“Kabali da!” The dialogue pops up in my mind while standing next to a wax model of Rajinikanth at the newly-opened Sunil’s Wax Museum in the city. One can’t miss the swag and style of the superstar in Kabali. Seated next to him is Mohanlal as Stephen Nedumpally from his mega-hit Lucifer.

Celebrities, politicians, freedom fighters, social reformers, sportspersons, and newsmakers vie for attention at the museum opened by wax sculptor Sunil Kandalloor. There are 27 figures now and more are in the pipeline.

Sunil has been a wax sculptor for two decades now. “The wax figures of Carl Lewis and Fidel Castro that I saw in a magazine piqued my interest in working with wax. I learned this on my own, by trial and error. If earlier it took me six months to complete a figure, now it takes not more than 25 days,” says the artist, a diploma-holder in fine arts.

The work on a wax figure starts with taking accurate measurements of the person concerned, provided he or she permits. “The complexion, expression, and colour of hair are important and so too are facial features such as shape and size of eyebrows and eyes, the colour of the pupils, cheeks, nose, chin, jaw, forehead…. We use photographs and videos as well. If we can’t get the measurements, we rely on photographs or videos,” he says.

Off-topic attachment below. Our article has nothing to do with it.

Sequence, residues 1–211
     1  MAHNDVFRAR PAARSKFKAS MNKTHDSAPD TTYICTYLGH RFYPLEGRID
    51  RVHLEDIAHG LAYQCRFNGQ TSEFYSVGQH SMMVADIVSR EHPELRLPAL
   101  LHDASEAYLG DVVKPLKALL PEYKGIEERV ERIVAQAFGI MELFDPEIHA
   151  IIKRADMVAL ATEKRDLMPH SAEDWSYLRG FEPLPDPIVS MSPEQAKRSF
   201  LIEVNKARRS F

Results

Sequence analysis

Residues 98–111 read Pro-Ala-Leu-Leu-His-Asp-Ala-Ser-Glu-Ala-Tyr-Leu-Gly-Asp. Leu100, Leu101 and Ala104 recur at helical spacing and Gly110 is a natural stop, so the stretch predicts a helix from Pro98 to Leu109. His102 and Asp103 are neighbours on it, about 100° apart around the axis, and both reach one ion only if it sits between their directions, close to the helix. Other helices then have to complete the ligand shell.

Creative process
Based on the measurements, a life-size clay model is made. It is then transferred to a mold, which can be of Plaster of Paris or fiberglass, depending on the posture of the figure. Hot paraffin wax is poured into the mould. “Powder color is mixed with it so that the wax stays harder. Once the wax sets, we attach acrylic eyeballs, eyelashes, hair, facial hair and the like. Each hair strand is attached individually. It is difficult to make figures of individuals with beards as in the case of actor-dancer Prabhu Deva and Prime Minister Narendra Modi,” Sunil says.

The hair used is real, which he sources from his “regular donors” or beauty parlours. As for the costume, usually, his models themselves donate the dresses. However, things can go wrong even after a figure is completed. “You will get a complete picture only after fixing the hair, eyebrows, eyelashes or, in some cases, the moustache. “If there is a small mistake, I discard the figure and all the hard work goes down the drain,” he says. Each figure consists of six pieces that can be dismantled and reassembled within five minutes.